As Arizona gets ready for a potentially consequential flooding event this weekend, flash flooding and dust storms threaten the region in the middle of exceptional drought.
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Authorities Issue Flash Flood Watches
Totals of forecasted rainfall across the United States have a targeted spot with the maximum amounts directly over Arizona in the coming five days. It is anticipated that monsoonal moisture will bring over 5 inches of rainfall to some parts of the state, triggering significant flash flooding worries.
Authorities have issued flash flood watches across Arizona and parts of New Mexico, Utah, and Colorado, for almost 8 million people because of the significant rain predicted for the desert Southwest this weekend.
Rob Howlett, National Weather Service (NWS) Tucson meteorologist said: “What we’re expecting to see here is a widespread rain event across the majority of the state of Arizona.
“Looking at just the southeast Arizona a lot of the valleys are going to see rainfall amounts most likely between 1 to 2 inches, maybe higher in other spots as well as this is a convective event.”
There are possibilities that hit and miss showers and thunderstorms will bring threatening rain totals to some regions while leaving some places dry.
It is expected that the mountains and foothills will withness the most rain with a possibility of about five or more inches of rain at the extreme end, but metropolitan regions like Flagstaff and Tucson, could possibly witness three or more inches of rainfall.
When there is torrential rain in a short period during powerful thunderstorms, flash flooding can take place very rapidly.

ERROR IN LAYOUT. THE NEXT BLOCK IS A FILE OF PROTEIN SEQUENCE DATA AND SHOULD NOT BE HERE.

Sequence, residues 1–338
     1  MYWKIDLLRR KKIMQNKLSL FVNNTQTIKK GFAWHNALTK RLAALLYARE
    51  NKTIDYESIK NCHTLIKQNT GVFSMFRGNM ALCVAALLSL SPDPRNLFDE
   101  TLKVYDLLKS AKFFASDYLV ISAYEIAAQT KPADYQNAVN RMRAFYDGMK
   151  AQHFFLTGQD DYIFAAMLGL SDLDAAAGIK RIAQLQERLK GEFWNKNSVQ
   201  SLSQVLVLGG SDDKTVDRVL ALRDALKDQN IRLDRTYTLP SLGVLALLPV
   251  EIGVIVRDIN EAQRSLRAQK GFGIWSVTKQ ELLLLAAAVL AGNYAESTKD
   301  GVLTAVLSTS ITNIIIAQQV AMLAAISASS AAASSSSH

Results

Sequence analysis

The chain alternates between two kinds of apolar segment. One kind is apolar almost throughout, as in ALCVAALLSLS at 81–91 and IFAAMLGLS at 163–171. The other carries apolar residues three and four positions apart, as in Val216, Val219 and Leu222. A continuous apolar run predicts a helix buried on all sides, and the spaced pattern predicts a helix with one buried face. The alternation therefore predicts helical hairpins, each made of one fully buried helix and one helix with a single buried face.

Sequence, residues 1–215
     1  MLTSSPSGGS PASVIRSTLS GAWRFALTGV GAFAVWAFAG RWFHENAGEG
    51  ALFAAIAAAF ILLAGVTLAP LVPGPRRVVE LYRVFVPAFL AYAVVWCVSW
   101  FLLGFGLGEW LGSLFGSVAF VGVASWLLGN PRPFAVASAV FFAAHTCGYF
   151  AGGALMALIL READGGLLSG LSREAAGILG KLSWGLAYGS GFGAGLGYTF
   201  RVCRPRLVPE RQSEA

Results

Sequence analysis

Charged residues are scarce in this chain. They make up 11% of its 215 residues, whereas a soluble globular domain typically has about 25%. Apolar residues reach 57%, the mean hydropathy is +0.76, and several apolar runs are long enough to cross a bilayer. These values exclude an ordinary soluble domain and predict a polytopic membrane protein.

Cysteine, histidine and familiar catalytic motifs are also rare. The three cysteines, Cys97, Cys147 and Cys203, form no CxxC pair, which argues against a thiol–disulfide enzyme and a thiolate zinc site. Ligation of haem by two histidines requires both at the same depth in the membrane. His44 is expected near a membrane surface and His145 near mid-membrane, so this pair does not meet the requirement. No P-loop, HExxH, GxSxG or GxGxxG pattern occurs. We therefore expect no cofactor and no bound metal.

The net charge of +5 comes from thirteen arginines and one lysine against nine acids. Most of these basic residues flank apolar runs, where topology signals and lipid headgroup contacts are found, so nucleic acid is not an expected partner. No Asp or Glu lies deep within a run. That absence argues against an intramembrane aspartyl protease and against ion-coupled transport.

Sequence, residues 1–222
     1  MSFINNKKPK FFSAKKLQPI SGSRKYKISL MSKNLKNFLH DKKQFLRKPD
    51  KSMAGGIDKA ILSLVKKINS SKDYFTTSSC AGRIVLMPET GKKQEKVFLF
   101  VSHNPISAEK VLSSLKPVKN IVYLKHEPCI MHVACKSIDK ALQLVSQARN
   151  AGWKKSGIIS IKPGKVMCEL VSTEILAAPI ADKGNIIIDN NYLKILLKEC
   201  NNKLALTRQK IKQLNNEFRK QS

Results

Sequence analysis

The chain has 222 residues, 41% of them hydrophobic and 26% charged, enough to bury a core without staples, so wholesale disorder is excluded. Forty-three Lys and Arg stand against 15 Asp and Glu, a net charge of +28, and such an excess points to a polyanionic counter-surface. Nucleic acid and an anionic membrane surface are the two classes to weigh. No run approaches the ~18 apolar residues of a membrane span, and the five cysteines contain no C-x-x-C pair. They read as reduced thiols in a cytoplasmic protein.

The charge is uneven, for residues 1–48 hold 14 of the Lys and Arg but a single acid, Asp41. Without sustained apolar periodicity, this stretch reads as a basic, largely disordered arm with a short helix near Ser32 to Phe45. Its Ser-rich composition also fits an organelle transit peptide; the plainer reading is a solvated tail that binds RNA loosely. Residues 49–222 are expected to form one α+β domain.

Chad Myers, a CNN meteorologist said: “Normally dry stream beds can instantaneously turn into torrents of fast-moving water, especially below burn scars.”
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NWS Compares Weather Pattern Set Up with 2006 Rain Event
The NWS in Tucson is making a comparison between the setup of the weather pattern this weekend and the rain event that took place in 2006, which led to widespread flooding and caused damages to different areas of Tucson – in part because of a large burn scar in the region.
Howlett said the weather pattern, in general, was closely similar to model predictions for this weekend. Both of them are not exactly the same and no two weather scenarios can be the same. He said there was a tropical system that forced too much moisture up to the region back then.
But so far there have been a lot of rainfall all through July and the soils are quite saturated, and to witness another intense rainfall event would definitely make the concerns for flooding across the area to increase.
Plenty of monsoonal moisture have been brought to the region this July. 1.76 inches of rain has been recorded in Tucson since the month began, 0.4 inches above the average. During the 2006 rain event, soils were almost in the same condition.
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